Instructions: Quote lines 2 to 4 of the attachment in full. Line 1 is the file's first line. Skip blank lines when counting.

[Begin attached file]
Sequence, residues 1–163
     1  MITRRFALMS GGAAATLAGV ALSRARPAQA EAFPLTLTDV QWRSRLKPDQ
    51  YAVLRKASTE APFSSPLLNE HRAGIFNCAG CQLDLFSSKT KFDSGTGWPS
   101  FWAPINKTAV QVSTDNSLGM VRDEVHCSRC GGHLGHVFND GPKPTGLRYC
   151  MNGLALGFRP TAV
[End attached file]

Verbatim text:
     1  MITRRFALMS GGAAATLAGV ALSRARPAQA EAFPLTLTDV QWRSRLKPDQ
    51  YAVLRKASTE APFSSPLLNE HRAGIFNCAG CQLDLFSSKT KFDSGTGWPS
   101  FWAPINKTAV QVSTDNSLGM VRDEVHCSRC GGHLGHVFND GPKPTGLRYC